Areas of Study
While there is practically an infinite variety of ways to play the drum set, I find it helpful to break things down into two skill sets—beats and solos. Drum beats are the cyclical patterns that define the overall rhythmic feel of a song. This is essential if you’re going to play in the rhythm section of a band. Soloing is the ability to play variable musical phrases, utilizing the full range of the instrument. I help students advance each skill set and synthesize them into a unified voice.
As my students learn pieces, they also learn about the drummers who created them. This helps improve their skills and also understand historical context. We focus on the great drummers in a genre, while always making it accessible to the students’ skill level. They apply their skill foundation and learn music theory, such as song structure, ensemble dynamics, and elements of composition, to name a few.
Trying To Decide What Style of Drumming You’d Like To Explore? Here Are Some Options…
- Rock – When students want to learn rock, we start right away with the backbeat. From there we explore bass, snare, and ride cymbal variations that yield a surprising variety of sound textures and moods. Then we develop energy and power to really drive a band. I teach students how to incorporate triplets into their rock, how to play double-time, 6/8 ballad grooves, and so much more.
- Jazz – Drumming in a jazz style is often called for in school jazz bands of various sizes. I teach students how to swing, from ballads to up-tempo. We cover concepts such as playing in 3/4 time, using brushes, comping, chart reading, second line, and improvisation.
- Funk – Syncopation is supreme when it comes to being funky. Learning how to play syncopated beats and fills is the first step, then developing a bumpin’ bass, subtle ghost notes, and hi-hat footwork. We will also work on beat displacement, half-time shuffles, and (of course) the classic “funky drummer” variations.
- Dance – These are the beats that get people moving! From disco to techno, dubstep, drum and bass, and other electronica—everything four-on-the-floor and even more. While many of today’s popular drum beats from these styles are created electronically, they can be emulated with either electronic or acoustic drums. We’ll break-and-drop too!
- Latin – The wealth of exciting Latin rhythms means there’s practically no end to the fun. I start with the standard bossa nova, cha cha cha, and soca, and then move beyond into the samba, mambo, songo, and so many more. This style is great for limb independence to free your hands, feet, and mind to make some great music!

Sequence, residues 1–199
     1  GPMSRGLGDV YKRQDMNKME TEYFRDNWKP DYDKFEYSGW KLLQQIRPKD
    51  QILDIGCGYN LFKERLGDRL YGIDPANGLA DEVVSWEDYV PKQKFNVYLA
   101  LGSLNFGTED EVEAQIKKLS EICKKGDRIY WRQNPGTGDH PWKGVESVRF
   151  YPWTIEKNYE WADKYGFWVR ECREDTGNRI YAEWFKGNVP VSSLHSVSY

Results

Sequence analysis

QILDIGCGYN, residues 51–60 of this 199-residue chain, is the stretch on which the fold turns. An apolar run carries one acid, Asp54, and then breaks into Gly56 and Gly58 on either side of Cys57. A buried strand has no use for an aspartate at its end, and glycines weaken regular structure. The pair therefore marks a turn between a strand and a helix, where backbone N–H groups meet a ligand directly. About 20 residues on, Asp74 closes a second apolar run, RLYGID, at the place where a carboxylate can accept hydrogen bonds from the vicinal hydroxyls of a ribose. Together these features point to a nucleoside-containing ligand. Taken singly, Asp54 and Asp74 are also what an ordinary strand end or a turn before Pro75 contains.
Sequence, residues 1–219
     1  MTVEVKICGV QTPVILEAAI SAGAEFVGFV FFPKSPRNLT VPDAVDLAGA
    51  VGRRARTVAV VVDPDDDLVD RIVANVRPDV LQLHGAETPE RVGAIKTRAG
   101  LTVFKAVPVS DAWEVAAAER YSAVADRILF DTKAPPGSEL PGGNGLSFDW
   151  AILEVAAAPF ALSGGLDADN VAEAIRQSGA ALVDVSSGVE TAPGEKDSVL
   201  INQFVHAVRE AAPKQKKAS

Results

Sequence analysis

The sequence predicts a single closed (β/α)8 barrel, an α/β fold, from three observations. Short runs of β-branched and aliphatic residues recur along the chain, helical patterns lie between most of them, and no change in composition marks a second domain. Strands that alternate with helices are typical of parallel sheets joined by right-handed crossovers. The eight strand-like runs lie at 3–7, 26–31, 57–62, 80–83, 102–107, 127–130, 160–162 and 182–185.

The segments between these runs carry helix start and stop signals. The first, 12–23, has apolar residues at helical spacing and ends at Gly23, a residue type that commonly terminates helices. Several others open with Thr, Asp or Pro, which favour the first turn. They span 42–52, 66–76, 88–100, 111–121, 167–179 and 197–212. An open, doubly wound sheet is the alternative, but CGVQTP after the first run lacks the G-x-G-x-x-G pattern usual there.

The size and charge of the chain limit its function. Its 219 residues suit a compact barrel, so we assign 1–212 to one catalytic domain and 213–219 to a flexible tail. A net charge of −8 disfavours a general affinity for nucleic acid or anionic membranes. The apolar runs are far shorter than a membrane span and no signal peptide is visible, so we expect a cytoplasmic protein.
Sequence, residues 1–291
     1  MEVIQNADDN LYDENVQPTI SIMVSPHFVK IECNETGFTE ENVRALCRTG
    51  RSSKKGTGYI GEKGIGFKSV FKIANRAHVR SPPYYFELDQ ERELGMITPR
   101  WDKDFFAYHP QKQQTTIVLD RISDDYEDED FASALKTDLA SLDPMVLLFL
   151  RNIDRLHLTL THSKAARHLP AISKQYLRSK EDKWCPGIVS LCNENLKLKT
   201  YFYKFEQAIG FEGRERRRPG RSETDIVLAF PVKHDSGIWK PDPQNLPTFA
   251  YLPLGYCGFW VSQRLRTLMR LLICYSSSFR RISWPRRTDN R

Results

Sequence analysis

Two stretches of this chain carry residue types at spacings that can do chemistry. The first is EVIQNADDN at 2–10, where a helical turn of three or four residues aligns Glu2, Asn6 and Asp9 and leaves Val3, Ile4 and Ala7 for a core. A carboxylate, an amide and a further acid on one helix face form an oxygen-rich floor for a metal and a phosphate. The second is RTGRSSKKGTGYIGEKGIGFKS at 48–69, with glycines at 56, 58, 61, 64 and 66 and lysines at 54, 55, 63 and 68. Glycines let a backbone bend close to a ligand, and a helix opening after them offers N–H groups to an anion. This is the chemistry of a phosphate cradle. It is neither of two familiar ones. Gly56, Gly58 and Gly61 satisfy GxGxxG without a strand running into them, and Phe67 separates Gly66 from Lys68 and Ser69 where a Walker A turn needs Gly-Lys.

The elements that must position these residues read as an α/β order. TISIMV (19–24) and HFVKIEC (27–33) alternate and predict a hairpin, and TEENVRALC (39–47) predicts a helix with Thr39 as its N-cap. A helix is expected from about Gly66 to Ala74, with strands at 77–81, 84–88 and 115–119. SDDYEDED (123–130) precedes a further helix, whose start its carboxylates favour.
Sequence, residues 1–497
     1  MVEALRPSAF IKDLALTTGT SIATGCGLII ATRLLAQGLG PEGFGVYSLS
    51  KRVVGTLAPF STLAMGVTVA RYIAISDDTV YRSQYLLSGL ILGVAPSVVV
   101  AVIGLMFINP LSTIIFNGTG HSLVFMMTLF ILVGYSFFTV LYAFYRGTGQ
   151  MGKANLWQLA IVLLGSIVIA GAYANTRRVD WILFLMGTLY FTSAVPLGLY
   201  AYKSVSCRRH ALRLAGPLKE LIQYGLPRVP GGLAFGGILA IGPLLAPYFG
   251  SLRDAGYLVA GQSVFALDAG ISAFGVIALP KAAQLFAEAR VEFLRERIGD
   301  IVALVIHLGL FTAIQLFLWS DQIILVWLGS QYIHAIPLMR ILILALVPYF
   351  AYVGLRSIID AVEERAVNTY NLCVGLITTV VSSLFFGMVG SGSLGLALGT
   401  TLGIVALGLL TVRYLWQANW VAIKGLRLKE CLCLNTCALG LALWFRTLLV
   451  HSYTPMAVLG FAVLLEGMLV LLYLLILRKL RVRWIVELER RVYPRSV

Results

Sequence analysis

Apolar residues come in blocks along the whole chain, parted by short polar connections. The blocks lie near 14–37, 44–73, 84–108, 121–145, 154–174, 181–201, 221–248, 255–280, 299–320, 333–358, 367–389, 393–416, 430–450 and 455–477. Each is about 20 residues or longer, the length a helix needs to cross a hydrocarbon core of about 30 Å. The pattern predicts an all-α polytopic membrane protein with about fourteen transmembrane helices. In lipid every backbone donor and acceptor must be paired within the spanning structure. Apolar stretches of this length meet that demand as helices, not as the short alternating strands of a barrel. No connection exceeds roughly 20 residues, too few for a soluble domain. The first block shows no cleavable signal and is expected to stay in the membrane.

- Blues – For blues beats, we look at all kinds of ways to play driving, energetic shuffles. We also learn half-time feels, 12/8 slow blues grooves, and all manner of triplet-based fills.
- Progressive – When helping ambitious students play progressive rock, we dig into odd meters, frequently mixed. I help them understand ensemble phrasing and create their own complementary parts. We explore prog’s unique sound palate of cymbals, double bass drum, tribal beats, and more.
Playing in a wind or symphonic band, whether in a community or school group, requires good music reading ability. I work with students to make sense of written parts and perform them. I teach my students the drum rudiments that are so much a part of this repertoire. Mallet percussion study (such as xylophone, marimba, vibraphone, or bells) is most common in concert percussion. When developing students’ mallet technique, we start with scales and then quickly move to short melodies from classical, pop, jazz, or whatever else excites them. From there we learn how to play longer pieces as well as how to improvise melodically and harmonically. As for timpani, I teach tuning and technique. There’s also a wide variety of exotic and wondrous orchestral percussion to learn about, from clave to gong to wind machine to the vibraslap!
Learning drum rudiments on the snare drum is essential to a marching style, and I guide my students through these rhythmic building blocks of the musical language. Playing cymbals in a marching band also has a surprising degree of technique and showmanship, which I impart to my students. I work with students’ ability to play marching bass drum (both unison and tonal), and I share my insights on the technique of tenor drums. I help my marching band students learn their flip book tunes and make their cadences sparkle!